Introduction: British imperialism was more practical than that of other colonial powers. Its motivation was economic, not religious. However, India laid in the cradle of British oppression and suffering. Every development made by the British in India had its own greedy purpose behind it. While the British officials enjoyed power, wealth and authority, the Indians were left poor, illiterate and shattered.
Under the British Raj, many families were left without a roof over their head. Helplessness and sorrow are the overriding emotions depicted through the facial expressions of the woman and her children. The daughter is seen looking at her mother with the hope that she will explain the reason behind their dire circumstances but the mother has no answer and looks away. This clearly shows anguish and misery under the British Raj.
The aged undernourished man wearing bare minimum clothing portrays poverty and minimal living conditions under the British Raj. His selling of goods at such an old age to support his family and his position on the ground further go on to show poverty under the British Raj.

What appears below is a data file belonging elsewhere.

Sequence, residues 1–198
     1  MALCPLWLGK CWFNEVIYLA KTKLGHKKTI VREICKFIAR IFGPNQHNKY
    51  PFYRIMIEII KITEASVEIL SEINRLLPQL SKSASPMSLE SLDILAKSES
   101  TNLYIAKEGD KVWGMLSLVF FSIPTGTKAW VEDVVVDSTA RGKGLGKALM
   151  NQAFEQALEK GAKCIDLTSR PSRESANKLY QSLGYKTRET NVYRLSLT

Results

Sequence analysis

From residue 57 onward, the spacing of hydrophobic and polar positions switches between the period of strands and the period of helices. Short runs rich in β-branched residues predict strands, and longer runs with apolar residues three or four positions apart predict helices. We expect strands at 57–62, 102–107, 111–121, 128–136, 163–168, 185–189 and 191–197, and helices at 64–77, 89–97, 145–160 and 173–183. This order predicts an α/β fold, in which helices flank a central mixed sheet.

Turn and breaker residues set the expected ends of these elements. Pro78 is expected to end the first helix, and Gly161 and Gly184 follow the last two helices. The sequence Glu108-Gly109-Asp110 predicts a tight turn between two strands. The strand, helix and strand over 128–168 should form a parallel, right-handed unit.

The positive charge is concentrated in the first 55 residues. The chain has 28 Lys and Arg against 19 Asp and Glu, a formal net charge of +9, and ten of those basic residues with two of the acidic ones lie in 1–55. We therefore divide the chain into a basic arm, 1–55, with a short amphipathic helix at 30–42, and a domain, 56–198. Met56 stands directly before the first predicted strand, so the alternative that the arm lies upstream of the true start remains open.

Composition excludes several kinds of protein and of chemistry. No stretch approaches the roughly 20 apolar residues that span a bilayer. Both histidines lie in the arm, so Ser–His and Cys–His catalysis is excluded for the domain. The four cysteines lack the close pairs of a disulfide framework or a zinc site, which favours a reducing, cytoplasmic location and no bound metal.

The attire of the British official and the well-furnished house in the background show the lavish lifestyle led by the British. Hands on the waist and a smirk on the face display authority and power. His head is help up high showing attributes of arrogance and supremacy over the Indians.
The working conditions made for the Indians were battered and shabby. The group of people in minimal clothing, show the tedious and laborious work assigned to the Indians for a bare minimum wage. The effort put in by the workers show their need to maintain their job in order to be able to look after their families. The elements of oppression and suppression spring up to show the reality of Indians under the British Raj.
The British officials had a well-kept and designated working place in contrast to the shabby and dilapidated working conditions of the Indians. The presence of Indians as servers and caretakers prove their inferiority to the British. Under the British Raj, the Indians lost their identity and were left as subdued individuals in their own country.
The portrayal of children working along-side men depicts child labor. Lack of educational facilities for the Indian children and poverty in the family led this social evil to creep in. Even today, children in the rural areas work in tea stalls instead of studying in educational institutions.